In the 21st Century, for most people a significant part of their personal security and privacy may be tied to their digital footprint. What does that mean? It’s the trail, traces or “footprints” that people leave online. So that means anytime you do or write something online, there will remain a trace even if you delete it. These traces may not only include things we do for personal recreation like Facebook posts, but also financial and legal information.
Here’s a fun exercise. Do a Google search on your name and the city that you live in – use quotes around your name, like “John Doe” Anytown, IA. See what you get. Is the information accurate? Are there things there you didn’t expect to see?
Now think of this in terms of young people who are constantly connected digitally through Facebook, Twitter, Instagram, etc. What kind of digital footprint are they leaving? Is it information that may affect a future educational or employment opportunity? This makes practicing good digital citizenship all the more critical. Young people shouldn’t be discouraged from active participation in social media, but they do need to be taught to do it thoughtfully and responsibly.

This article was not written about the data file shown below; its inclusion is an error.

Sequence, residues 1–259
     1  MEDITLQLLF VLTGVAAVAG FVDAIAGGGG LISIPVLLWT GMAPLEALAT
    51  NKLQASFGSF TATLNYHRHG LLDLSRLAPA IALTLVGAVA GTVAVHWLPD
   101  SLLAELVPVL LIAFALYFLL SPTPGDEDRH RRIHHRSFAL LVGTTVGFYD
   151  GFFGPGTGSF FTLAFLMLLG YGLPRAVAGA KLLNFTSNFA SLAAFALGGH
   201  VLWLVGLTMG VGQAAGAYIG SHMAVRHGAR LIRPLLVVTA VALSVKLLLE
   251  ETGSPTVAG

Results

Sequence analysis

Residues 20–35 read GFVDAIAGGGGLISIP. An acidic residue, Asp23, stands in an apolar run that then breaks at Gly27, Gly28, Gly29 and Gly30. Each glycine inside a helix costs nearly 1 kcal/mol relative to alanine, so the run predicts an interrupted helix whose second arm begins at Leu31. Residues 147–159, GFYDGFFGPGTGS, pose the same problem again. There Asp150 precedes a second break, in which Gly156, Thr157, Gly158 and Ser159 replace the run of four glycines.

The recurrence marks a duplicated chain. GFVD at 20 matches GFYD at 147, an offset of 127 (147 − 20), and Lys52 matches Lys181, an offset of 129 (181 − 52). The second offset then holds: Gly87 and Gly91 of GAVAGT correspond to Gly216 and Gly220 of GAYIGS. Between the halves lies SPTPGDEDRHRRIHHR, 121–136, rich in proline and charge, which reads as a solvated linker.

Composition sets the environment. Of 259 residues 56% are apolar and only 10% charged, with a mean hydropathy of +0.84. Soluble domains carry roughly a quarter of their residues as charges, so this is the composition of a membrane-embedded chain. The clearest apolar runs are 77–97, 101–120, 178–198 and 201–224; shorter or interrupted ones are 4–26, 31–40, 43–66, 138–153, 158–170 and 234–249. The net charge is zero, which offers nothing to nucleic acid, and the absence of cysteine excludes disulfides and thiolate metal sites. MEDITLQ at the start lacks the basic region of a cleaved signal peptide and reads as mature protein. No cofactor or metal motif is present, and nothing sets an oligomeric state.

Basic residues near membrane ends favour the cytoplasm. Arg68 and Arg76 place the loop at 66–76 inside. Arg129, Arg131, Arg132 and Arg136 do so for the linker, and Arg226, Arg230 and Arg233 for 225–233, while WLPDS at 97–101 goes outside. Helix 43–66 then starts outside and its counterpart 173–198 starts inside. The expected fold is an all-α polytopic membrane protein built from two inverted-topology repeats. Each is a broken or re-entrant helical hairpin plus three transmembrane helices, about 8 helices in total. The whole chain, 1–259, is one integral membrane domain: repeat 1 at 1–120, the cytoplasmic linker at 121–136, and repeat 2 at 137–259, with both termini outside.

In Iowa schools this is being addressed through the Iowa Core Curriculum 21st Century Skills standards. These standards cover things such as how to safely and effectively communicate using technology and how to ethically use information. AEA 267 provides resources to support this instruction, such as the CyberSmarts eBook series available through the MackinVIA portal. If you are interested in these resources for your child, contact your school’s teacher librarian or any AEA 267 library media specialist.
To learn more about the impact of the use of technology by young people in the 21st Century, view the video “Digital Dossier” at http://bit.ly/1qC52AY. Another excellent resource is the book, Born Digital: Understanding the First Generation Digital Natives by John Palfrey and Urs Gasser.
Jane Frizzell is a Media Specialist/Consultant with Area Education Agency 267. She is based out of the Clear Lake Office and can be reached at 1-800-392-6640. Area Education Agency 267 serves over 60,000 students. In addition, over 5,000 educators rely on AEA 267 for services in special education, school technology, media and instructional/curriculum support. The agency’s service area reaches 18 counties and nearly 9,000 square miles.